"Exactly what transpired at the July 27, 2020, meeting in the governor's office isn't clear. Noem declined an interview request and her office declined to answer detailed questions about the meeting," said the report.
Instead of denying the claim or even saying that the governor wasn't involved in the Secretary of Labor's internal affairs, Noem's attacked the media for supposedly smearing her family -- even though the core questions surround Noem's own actions.
"The Associated Press is disparaging the Governor's daughter in order to attack the Governor politically – no wonder Americans' trust in the media is at an all-time low," Noem's spokesman Ian Fury said.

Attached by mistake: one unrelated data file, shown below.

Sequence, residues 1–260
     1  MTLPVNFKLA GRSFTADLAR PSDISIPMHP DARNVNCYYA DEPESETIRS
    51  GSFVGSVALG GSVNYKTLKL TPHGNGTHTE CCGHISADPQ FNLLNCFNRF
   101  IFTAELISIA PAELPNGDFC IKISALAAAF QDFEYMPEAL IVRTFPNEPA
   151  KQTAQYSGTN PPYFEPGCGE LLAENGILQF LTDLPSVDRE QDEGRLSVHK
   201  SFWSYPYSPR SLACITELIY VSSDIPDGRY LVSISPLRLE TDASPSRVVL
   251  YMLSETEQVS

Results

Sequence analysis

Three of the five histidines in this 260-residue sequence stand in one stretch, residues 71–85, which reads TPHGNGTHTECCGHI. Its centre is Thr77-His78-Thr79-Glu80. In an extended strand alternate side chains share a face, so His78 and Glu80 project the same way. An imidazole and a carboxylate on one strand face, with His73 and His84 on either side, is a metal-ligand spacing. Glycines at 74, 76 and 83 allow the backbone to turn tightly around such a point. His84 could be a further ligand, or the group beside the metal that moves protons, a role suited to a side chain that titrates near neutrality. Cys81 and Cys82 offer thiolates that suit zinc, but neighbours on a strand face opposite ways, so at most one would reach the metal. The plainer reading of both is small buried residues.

Noem then turned to Twitter to further attack the press, saying that they were going after her daughter and tried to make her daughter the focus of the scandal instead of her own efforts to use the government for her own personal purposes.
Listen I get it. I signed up for this job. But now the media is trying to destroy my children. This story is just a… https://t.co/SrYCNDrSK4— Kristi Noem (@Kristi Noem) 1632769661.0
Responses to the tweet overwhelmingly called her out for throwing her children under the bus and trying to make the scandal about her kids instead of being about her.
Others called out the hypocrisy of Noem's, by pointing to her attacks on President Joe Biden's son Hunter, who doesn't serve in government or work for the White House in any capacity.
Noem's name has been thrown around as a possible replacement of Vice President Mike Pence on the 2024 Donald Trump ticket if the former president attempts to run again.